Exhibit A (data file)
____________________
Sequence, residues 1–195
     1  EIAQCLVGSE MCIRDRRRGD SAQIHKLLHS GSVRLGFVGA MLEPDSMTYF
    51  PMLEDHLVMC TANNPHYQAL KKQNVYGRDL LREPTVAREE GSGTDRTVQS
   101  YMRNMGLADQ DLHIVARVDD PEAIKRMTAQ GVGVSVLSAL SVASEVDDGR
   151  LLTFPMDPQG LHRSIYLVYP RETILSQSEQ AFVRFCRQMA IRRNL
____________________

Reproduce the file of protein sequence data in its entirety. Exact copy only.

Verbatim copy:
Sequence, residues 1–195
     1  EIAQCLVGSE MCIRDRRRGD SAQIHKLLHS GSVRLGFVGA MLEPDSMTYF
    51  PMLEDHLVMC TANNPHYQAL KKQNVYGRDL LREPTVAREE GSGTDRTVQS
   101  YMRNMGLADQ DLHIVARVDD PEAIKRMTAQ GVGVSVLSAL SVASEVDDGR
   151  LLTFPMDPQG LHRSIYLVYP RETILSQSEQ AFVRFCRQMA IRRNL